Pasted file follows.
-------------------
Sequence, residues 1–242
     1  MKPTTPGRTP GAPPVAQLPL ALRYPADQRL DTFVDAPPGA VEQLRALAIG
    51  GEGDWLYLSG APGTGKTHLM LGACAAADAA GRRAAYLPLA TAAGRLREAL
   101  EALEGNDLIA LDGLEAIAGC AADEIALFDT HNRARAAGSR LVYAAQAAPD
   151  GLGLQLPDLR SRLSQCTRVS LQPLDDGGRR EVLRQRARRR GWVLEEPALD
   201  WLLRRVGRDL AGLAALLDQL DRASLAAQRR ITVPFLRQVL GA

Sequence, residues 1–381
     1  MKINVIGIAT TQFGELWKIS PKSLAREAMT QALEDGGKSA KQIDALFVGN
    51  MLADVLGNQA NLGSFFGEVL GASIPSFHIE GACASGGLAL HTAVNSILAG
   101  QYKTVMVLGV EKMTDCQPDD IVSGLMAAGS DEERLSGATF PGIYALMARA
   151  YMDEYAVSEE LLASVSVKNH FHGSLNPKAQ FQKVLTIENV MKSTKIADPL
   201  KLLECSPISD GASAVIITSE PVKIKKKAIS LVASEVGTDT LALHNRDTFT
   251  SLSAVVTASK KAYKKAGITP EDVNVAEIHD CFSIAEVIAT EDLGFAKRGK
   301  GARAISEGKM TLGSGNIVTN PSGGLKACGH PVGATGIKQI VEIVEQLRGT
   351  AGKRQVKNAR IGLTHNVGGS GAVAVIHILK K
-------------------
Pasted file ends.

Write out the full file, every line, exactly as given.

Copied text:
Sequence, residues 1–242
     1  MKPTTPGRTP GAPPVAQLPL ALRYPADQRL DTFVDAPPGA VEQLRALAIG
    51  GEGDWLYLSG APGTGKTHLM LGACAAADAA GRRAAYLPLA TAAGRLREAL
   101  EALEGNDLIA LDGLEAIAGC AADEIALFDT HNRARAAGSR LVYAAQAAPD
   151  GLGLQLPDLR SRLSQCTRVS LQPLDDGGRR EVLRQRARRR GWVLEEPALD
   201  WLLRRVGRDL AGLAALLDQL DRASLAAQRR ITVPFLRQVL GA

Sequence, residues 1–381
     1  MKINVIGIAT TQFGELWKIS PKSLAREAMT QALEDGGKSA KQIDALFVGN
    51  MLADVLGNQA NLGSFFGEVL GASIPSFHIE GACASGGLAL HTAVNSILAG
   101  QYKTVMVLGV EKMTDCQPDD IVSGLMAAGS DEERLSGATF PGIYALMARA
   151  YMDEYAVSEE LLASVSVKNH FHGSLNPKAQ FQKVLTIENV MKSTKIADPL
   201  KLLECSPISD GASAVIITSE PVKIKKKAIS LVASEVGTDT LALHNRDTFT
   251  SLSAVVTASK KAYKKAGITP EDVNVAEIHD CFSIAEVIAT EDLGFAKRGK
   301  GARAISEGKM TLGSGNIVTN PSGGLKACGH PVGATGIKQI VEIVEQLRGT
   351  AGKRQVKNAR IGLTHNVGGS GAVAVIHILK K